- By Jenna Kunze
A national survey on oral health published this week illustrated how structural racism—including intergenerational trauma stemming from Indian Boarding schools— has contributed to significant oral health disparities among Native populations.
The white paper, written by CareQuest Institute for Oral Health, the Society of American Indian Dentists, and the National Indian Health Board’s Tribal Oral Health Initiate, includes findings from a new State of Oral Health Equity in America survey that included data from more than 550 American Indian and Alaska Native respondents.
The report cites studies that show: The prevalence of early childhood tooth decay is three times higher among Native children than it is for white children; Native adults are twice as likely to have untreated decay as the overall United States population, and the majority of Indigenous adults (83%) report tooth loss, compared with just over half of the overall US population.
Additionally, the study found that more than half of Native people were denied health care or oral health care at some point due to discrimination.
“Structural racism places AI/AN (American Indian/Alaska Native) communities at high risk of poor overall and oral health outcomes,” the report reads. “The historical and intergenerational traumas that form the foundation of this structural racism include genocide, geographic relocation, exposure to infectious diseases, forced boarding school attendance, poverty, homelessness, and lack of access to nutritious, affordable food, and routine preventive care.”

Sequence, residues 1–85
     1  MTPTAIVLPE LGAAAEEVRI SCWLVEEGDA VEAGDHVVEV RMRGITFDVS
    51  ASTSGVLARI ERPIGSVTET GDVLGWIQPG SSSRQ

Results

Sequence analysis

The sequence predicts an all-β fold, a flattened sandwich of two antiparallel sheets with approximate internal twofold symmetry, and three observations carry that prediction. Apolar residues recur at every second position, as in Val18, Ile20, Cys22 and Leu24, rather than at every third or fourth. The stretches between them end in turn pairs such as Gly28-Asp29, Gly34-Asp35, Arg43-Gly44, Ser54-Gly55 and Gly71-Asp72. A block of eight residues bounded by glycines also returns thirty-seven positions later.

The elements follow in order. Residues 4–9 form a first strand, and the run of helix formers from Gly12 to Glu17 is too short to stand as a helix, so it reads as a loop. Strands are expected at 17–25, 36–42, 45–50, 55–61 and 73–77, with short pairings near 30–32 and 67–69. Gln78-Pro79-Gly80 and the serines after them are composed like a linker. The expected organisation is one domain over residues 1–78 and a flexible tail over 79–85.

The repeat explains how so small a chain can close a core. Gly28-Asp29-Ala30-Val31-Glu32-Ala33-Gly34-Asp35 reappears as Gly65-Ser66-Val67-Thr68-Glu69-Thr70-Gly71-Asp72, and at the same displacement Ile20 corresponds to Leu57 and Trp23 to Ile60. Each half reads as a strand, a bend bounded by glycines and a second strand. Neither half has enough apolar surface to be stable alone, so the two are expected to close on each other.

The authors of the report, including five Native American dentists or dental students, wrote that solutions to the oral health disparities must be grounded in diversity, equity, inclusion, and justice. Solutions include: increasing representation in researching and funding decisions, providing culturally-driven care for Native American and Alaska Native communities, and collecting accurate data by allowing people the ability to choose more than one racial category in self-reported data to avoid misclassification.
“It is common for our population to be excluded or erased from data collection regarding dentistry workforce and oral health,” said Cristin Haase (Cheyenne River Sioux), the president of Society of American Indian Dentists, in a statement. “It is vital that we continue to remain visible and raise awareness of the issues.
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